When a restaurant decides to expand from a local chain to a regional or national footprint, it faces multiple challenges. As the workforce grows to accommodate new locations, it becomes increasingly difficult to efficiently train and enforce operational processes, recipe precision, and brand standards.
Most restaurants, even well-established national chains, combat this challenge by adding extensive layers of management, training staff, training programs, and training sites. These are often followed up by rigorous inspections to ensure compliance.
One well-known restaurant brand took a creative approach to this long-standing challenge by shifting their approach from the typical model of “train and inspect” to one that would be better described as “teach and certify.”
The restaurant? Zaxby’s. Here’s their story…
Zaxby’s launched in 1990 with a focused intent: to raise the expectations around fast food chicken and deliver above those expectations every time. They took on fast food industry giants by elevating their ingredients and recipes.
While their ingredients cost more to purchase and the menu required more skill to execute, the strategy worked amazingly well. Customers flocked (pun intended) to this fresh new restaurant. By 2015, Zaxby’s had over 700 stores in 18 states.
However, this growth brought on an age-old challenge. They needed to find ways to maintain their elevated standard in a cost-effective manner. Zaxby’s could not and would not cut corners on their two most important ingredients: people and product.
Zaxby’s original model for training was very similar to other national chains. Their licensees were able to train their own managers, but to achieve certification, trainees had to travel to a Certified Testing Location where the final manager certification test was administered.
“This approach was quite expensive,” said Lauren Heavern, Zaxby’s director of franchise training. “To take a single test, a manager would have to be out of their restaurant for at minimum, one day – sometimes two, depending on how far they had to travel. Then there were other costs: travel, lodging, increased labor costs, and the hidden costs of having a key member of a licensee’s team out of their restaurant. And, because the training restaurants were also real-world, working restaurants there to serve guests, we had to arrange the testing schedule around the store’s operations. None of this was practical, cost-effective, or employee-friendly. We had to find a way to lower the impact on our licensee’s operations, reduce their costs, and improve the experience for everyone.”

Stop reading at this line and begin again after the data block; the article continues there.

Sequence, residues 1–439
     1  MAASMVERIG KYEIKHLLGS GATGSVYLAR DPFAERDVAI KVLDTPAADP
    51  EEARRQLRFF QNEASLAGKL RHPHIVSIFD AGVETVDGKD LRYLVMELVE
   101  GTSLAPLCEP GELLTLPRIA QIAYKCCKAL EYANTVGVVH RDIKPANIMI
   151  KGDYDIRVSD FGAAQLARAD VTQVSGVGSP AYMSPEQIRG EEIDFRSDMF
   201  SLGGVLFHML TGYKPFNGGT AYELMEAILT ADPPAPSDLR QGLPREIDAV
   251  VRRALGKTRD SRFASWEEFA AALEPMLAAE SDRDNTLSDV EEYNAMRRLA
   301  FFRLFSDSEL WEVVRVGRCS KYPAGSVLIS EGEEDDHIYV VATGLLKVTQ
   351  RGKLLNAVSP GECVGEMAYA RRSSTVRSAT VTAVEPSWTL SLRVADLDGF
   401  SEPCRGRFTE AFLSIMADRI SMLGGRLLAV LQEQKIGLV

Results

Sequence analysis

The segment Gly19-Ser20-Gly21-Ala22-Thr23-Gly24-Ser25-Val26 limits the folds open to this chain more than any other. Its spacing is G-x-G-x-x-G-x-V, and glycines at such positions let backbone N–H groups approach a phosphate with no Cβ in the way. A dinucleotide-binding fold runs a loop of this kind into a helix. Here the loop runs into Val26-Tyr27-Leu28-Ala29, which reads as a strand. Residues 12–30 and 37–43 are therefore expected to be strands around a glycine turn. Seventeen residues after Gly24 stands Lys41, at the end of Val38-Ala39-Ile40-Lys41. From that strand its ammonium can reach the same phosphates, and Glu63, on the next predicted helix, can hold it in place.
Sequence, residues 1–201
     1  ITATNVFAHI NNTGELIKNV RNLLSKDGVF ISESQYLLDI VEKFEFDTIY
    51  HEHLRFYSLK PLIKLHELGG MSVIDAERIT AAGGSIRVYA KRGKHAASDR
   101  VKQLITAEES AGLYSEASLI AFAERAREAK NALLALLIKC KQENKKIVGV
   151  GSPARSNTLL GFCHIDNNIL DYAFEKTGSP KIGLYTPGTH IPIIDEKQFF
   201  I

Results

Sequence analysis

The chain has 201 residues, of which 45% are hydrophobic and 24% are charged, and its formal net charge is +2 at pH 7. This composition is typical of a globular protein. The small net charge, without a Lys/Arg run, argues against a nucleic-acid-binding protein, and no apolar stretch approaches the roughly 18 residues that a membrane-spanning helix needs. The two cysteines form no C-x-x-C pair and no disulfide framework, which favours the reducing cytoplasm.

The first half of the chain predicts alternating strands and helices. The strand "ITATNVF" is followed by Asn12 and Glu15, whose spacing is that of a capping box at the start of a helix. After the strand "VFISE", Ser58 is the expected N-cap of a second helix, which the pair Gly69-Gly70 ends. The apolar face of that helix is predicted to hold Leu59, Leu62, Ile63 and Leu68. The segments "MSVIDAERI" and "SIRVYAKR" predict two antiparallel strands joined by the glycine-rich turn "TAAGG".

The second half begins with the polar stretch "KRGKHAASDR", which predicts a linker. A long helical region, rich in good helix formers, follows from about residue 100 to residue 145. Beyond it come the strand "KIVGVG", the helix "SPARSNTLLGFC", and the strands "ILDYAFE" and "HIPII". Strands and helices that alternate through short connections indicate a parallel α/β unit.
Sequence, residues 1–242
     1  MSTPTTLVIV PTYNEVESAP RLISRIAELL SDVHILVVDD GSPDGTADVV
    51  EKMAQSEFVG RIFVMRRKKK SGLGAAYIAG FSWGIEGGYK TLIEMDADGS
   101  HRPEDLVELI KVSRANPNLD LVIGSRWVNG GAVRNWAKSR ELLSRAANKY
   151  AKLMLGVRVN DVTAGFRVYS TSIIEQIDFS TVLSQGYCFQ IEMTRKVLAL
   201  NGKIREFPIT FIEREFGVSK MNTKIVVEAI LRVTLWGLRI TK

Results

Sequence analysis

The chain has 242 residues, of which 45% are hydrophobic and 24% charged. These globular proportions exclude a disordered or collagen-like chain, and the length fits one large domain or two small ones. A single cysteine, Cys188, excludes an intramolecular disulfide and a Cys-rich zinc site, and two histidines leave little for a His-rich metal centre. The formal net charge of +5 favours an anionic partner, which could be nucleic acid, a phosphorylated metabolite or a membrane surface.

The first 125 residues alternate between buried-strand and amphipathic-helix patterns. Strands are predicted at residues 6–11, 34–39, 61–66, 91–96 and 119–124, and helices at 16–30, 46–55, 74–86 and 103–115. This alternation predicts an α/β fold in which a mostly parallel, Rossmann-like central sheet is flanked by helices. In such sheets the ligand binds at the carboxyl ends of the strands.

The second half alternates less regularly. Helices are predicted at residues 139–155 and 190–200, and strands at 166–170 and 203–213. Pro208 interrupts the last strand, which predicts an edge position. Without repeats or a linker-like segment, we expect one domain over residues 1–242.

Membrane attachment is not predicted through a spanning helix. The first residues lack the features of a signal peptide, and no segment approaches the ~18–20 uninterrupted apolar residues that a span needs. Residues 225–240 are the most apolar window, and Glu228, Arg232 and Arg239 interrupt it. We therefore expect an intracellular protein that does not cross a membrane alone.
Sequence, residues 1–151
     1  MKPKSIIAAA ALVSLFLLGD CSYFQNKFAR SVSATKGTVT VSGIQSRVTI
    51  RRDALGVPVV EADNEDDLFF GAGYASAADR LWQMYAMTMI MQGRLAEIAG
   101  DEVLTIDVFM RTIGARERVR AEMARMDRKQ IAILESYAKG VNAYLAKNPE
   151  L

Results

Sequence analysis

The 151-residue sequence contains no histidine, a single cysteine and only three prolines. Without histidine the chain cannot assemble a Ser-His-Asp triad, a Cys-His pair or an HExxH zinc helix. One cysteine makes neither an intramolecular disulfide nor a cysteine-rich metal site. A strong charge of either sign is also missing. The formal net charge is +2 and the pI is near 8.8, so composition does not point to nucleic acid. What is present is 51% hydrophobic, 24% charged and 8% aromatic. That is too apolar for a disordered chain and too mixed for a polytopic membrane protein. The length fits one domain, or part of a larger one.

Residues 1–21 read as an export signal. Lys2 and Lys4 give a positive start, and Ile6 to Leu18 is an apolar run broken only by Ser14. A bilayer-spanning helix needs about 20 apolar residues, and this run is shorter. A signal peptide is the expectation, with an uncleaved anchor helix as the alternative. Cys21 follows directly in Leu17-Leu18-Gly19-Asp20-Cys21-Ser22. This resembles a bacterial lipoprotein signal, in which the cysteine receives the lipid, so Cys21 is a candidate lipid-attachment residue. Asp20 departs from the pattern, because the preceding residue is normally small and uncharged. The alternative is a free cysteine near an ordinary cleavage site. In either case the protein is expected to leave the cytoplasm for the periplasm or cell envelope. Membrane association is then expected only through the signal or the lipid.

Customized service is the key to the partnership’s success: “The ProctorU team put together specific training manuals just for us,” says Gillick. “They re-trained their professional proctors to handle our testing the exact way we needed our testing handled. The proctors did so much more than simply proctor. Because most of Zaxby’s managers were not used to taking online exams, and because the exams were very high stakes, ProctorU added a higher level of test-taker support. Proctors helped Zaxby’s managers troubleshoot technical issues and did everything they could to put managers at ease so they could perform their best on the tests. It was like we asked for proctoring and got a healthy dose of individualized IT support thrown in for free.”
Zaxby’s goals were to increase operational efficiency, reduce the test taking burden on employees, and lower costs. With the “old way” of testing, they were able to certify about 400-500 managers a year. With the “new way” and partnership with ProctorU, Zaxby’s was able to administer 2,662 certifying exams in 2017 – a 400% increase.
Zaxby’s has grown from 700 stores in 2015 to 878 stores at the beginning of 2018. Through the partnership with ProctorU, Zaxby’s has also been able to greatly reduce the budget needed to train and maintain certified managers by eliminating the need to cover travel costs, meals, per diem, and time reimbursements. According to Renee Gillick, “The cost advantage of working with ProctorU is not even comparable to the expenses we had to budget for with the old way of certifying. What once took a day or two to complete is now a two-hour process or less.”
One unexpected, yet important, outcome was having ProctorU as an independent, third-party administrator of the exams. Their unbiased and detailed reporting of the testing has taken the pressure off of Zaxby’s LMS administrator who no longer has to address disagreements and test protocol discrepancies. Managers now have a transparent view of infractions that occur during the testing process.